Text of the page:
You can find ideas and resources on supporting your people’s learning needs at Developing others.
These tips will particularly help you to support your new staff as they settle in and familiarise themselves with their role, and then to continue supporting their self-development and improvement in the role.
1. Provide a safe learning environment
As a manager, your role in supporting new staff goes far beyond the procedural requirements of induction and probation. You set the tone for all your staff, and above all for new members of your team.
Many schools of thought, including the teaching and caring professions, have suggested a three-part role for those who have responsibility for others. Managers need to carry out:
- a supervisory or ‘managerial’ role – e.g. setting and review standards, expectations, targets
- a supportive role – e.g. providing a reassuring framework and environment, one-to-ones
- a developmental role – e.g. considering and discussing development needs and possibilities, providing opportunities
In the induction process and probationary period, managers need to pay special attention to all three roles. For example:
- If, as a manager, you are only ever in ‘managerial’ mode, the standards you set may not be achieved if the new staff member doesn’t feel that you can be approached with problems. Paying attention to the supportive role gives all staff a safe learning environment in which to get better at their roles.
- If, as a manager, you neglect the developmental role, staff may feel that they aren’t expected to make progress or improvements, and may become demotivated.
2. Encourage self-development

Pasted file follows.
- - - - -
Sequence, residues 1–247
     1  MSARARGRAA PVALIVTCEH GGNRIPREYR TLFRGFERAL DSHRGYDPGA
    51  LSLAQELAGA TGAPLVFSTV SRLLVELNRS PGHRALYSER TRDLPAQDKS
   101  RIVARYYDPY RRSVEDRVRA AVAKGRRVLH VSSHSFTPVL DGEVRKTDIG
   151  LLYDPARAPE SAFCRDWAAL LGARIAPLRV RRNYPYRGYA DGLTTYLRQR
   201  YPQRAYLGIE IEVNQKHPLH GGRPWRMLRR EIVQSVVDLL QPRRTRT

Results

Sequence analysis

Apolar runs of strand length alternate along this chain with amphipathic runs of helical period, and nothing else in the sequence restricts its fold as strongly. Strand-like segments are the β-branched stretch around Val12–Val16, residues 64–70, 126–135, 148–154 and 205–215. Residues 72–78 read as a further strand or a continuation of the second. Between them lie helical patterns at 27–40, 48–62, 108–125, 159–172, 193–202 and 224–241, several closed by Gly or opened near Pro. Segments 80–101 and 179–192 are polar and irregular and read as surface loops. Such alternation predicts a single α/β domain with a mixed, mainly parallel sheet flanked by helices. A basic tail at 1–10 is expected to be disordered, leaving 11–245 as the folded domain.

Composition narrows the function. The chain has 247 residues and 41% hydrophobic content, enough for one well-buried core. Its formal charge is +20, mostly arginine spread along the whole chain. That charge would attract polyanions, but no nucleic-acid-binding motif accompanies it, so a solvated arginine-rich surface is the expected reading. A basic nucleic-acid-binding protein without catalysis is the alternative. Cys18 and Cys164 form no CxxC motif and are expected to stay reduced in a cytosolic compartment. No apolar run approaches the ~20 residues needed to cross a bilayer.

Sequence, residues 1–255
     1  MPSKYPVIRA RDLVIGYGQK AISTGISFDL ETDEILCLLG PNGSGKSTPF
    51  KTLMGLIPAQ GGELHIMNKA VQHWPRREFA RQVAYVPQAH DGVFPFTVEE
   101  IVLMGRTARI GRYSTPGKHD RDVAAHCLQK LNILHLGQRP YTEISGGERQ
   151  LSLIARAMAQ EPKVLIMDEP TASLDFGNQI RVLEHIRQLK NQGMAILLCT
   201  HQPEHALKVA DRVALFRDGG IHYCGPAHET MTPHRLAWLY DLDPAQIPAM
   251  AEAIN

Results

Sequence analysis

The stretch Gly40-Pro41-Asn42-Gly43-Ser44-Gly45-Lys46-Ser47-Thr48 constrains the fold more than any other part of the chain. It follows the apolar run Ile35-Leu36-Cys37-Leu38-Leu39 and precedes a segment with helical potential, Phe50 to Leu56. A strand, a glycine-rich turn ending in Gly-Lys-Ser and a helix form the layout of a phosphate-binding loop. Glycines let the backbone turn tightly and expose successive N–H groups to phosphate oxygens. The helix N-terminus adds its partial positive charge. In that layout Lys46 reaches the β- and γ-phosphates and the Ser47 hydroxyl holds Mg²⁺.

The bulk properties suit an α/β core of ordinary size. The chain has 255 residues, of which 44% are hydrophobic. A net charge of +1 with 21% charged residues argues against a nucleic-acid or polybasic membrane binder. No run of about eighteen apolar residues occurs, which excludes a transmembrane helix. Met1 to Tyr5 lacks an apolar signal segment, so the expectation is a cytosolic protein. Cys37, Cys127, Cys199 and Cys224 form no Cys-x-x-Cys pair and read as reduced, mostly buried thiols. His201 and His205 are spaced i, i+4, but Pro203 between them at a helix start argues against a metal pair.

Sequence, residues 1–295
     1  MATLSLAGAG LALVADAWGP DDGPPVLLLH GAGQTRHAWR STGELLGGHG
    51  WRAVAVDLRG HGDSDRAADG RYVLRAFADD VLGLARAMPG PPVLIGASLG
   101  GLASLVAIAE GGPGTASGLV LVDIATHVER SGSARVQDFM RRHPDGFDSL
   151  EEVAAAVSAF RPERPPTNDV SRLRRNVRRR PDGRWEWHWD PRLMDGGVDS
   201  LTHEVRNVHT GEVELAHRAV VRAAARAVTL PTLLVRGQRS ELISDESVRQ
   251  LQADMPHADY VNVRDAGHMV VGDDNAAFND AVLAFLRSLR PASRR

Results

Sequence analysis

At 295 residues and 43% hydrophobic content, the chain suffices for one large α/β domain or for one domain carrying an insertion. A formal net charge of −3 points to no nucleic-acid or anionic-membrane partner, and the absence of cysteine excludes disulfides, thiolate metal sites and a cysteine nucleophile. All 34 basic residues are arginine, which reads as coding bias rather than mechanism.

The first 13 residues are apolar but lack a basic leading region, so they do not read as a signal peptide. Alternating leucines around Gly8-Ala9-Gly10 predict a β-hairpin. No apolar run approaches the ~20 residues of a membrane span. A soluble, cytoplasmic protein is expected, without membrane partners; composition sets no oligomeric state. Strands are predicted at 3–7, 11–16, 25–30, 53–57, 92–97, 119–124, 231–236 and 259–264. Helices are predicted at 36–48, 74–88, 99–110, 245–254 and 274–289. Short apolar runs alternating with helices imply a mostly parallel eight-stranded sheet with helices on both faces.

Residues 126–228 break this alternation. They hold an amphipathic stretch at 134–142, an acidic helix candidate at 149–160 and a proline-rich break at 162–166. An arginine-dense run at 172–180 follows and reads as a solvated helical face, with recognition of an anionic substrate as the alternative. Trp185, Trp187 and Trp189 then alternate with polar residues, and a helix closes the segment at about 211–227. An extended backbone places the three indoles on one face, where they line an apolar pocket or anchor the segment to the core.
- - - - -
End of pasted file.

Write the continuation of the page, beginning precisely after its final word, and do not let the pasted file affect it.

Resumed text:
When the time is right, which might be soon after the successful completion of probation, you could start to introduce opportunities for new staff to develop. We provide resources to help people develop themselves in their role; working together, you and your staff member can make the most of every learning opportunity using the performance management cycle: PLAN – DO – REVIEW
- PLAN the development or area for improvement: the manager’s role is to set standards and expectations, agree objectives
- DO the activity, undertake the learning or make the change: the manager’s role is to keep track and discuss progress
- REVIEW the learning or progress: the manager’s role is to give constructive feedback and help the staff member to embed the learning in everyday working life.
- …and then PLAN further development.
3. Think creatively about development
- 70% of impactful learning happens on the job (i.e. is experiential)
- 20% happens in social interaction
- 10% happens in structured learning
(Eichinger, R and Lombardo, M, The Career Architect Development Planner, 1996)
There are many alternatives to sending your staff on courses. Consider:
- A stretching objective: something new or outside their present experience
- Work shadowing
- Formal secondment
- Assignment to a project, to see or carry out a particular role (needs to be short and fixed term and specified as a training opportunity)
- Reading, desk research, YouTube, TedX talks
- Visit to another workplace
- A mentor (internal or external to department)
- Observation of a particular activity (e.g. committee meeting)
- Trial and error (giving people permission to try something out)